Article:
And I think that investment in the team but then a lot of work they're doing on -- we released a -- 2 years ago, 2.5 years ago, the capability for Splunk to phone home for customers and allowed that to happen with our cloud offering we've instrumented. Everything has deep telemetry and a combination of the growing body of customers that are phoning home plus the cloud telemetry has enabled the Customer Success group to build a whole host of different interfaces to help give guidance to customers, both delivered on-site to the customers and delivered through the Customer Success team on how to be -- how successful they are being with Splunk, where they could be more successful, how they could save additional costs. But it is definitely something that a big chunk of our organization wakes up and focuses on every day in addition to the #1 customer success overall company priority that everybody shares.

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Operator [17]

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And our next question comes from Kash Rangan with Bank of America.

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Kasthuri Gopalan Rangan, BofA Merrill Lynch, Research Division - MD and Head of Software [18]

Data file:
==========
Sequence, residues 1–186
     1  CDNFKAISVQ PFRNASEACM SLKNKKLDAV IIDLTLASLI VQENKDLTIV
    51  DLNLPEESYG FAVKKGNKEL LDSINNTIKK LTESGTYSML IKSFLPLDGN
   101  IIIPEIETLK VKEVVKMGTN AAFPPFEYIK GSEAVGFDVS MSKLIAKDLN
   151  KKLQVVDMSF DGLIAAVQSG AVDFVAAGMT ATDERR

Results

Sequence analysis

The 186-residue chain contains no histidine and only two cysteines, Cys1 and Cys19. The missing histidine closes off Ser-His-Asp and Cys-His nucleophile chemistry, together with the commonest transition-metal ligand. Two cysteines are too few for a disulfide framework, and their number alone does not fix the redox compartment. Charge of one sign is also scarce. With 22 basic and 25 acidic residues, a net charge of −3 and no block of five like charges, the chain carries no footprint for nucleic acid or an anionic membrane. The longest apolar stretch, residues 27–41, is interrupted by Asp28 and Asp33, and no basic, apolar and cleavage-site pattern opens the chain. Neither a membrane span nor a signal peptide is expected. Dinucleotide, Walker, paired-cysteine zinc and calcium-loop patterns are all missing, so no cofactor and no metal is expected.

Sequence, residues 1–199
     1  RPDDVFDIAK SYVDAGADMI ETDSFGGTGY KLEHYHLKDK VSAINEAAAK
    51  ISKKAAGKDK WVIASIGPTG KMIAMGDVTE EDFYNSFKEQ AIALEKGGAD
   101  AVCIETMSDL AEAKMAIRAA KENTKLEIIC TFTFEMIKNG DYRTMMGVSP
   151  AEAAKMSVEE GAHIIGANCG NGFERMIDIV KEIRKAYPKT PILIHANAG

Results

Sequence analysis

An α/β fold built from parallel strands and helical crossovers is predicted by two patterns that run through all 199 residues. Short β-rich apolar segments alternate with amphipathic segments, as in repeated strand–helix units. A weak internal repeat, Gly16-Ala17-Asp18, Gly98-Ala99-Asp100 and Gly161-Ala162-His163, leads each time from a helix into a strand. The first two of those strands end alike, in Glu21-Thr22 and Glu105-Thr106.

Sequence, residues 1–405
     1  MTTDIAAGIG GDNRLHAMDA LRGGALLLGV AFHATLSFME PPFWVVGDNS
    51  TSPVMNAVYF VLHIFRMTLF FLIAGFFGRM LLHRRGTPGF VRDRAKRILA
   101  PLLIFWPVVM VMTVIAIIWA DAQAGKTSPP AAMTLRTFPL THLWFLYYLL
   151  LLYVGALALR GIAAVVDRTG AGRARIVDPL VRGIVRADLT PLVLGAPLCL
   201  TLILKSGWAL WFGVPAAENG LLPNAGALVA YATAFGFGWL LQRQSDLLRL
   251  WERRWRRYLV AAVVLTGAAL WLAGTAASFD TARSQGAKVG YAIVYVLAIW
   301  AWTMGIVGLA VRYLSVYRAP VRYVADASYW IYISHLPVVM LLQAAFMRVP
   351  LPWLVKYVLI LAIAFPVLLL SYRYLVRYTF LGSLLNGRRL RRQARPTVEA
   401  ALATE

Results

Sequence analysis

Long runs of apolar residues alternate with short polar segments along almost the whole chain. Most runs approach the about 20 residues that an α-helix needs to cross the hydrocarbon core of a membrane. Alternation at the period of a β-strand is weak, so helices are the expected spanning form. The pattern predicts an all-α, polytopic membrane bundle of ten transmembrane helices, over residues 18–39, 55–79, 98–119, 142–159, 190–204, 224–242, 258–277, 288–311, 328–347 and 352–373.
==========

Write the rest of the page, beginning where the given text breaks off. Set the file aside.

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Hey, Dave. "Signals transmitted, message received. Reaction making impact, invisibly." All this makes for a very moving picture. That was the first song that I heard of Rush. Two questions, one for you, Dave. With respect to your comments on the uninvoiced value going up by $80 million, although you said on a seasonal pattern, the total contract value decreased by several hundred million dollars. Can you just explain for us what exactly the mechanics are behind that? And as you have this uninvoiced contract value continue to grow, what are the implications for cash flow looking at next year?

And I guess, one for you, Doug, at a very high level. Congratulations, Jason, by the way. Welcome to Splunk. Look forward to working with you. Doug, question for you. The cohort analysis that you shared with us at the Analyst Day a couple of years back where you had data volume grow by, I think, 8x over 4 years or 8x over 5 years and bookings value expanding 4x or 5x over 4 to 5 years, can you give us a quick update on how that trend is sustaining or not?

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David F. Conte, Splunk Inc. - SVP of Finance [19]

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Okay. Kash, it's Dave. And in your honor, I did actually craft in prepared remarks some direct references to Splunk...

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Kasthuri Gopalan Rangan, BofA Merrill Lynch, Research Division - MD and Head of Software [20]

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Loved it, loved it.

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David F. Conte, Splunk Inc. - SVP of Finance [21]